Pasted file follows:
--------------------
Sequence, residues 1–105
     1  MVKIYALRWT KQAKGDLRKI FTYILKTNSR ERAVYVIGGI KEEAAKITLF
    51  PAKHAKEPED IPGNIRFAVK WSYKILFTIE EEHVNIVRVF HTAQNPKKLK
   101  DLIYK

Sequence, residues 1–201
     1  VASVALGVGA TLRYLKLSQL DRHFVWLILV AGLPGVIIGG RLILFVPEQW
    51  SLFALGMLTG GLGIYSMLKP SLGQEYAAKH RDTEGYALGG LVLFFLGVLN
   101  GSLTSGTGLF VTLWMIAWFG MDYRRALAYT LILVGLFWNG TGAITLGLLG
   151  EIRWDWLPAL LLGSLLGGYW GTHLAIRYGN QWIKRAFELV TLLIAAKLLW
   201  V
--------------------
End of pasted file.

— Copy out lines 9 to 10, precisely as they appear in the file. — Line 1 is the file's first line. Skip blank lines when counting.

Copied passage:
   151  EIRWDWLPAL LLGSLLGGYW GTHLAIRYGN QWIKRAFELV TLLIAAKLLW
   201  V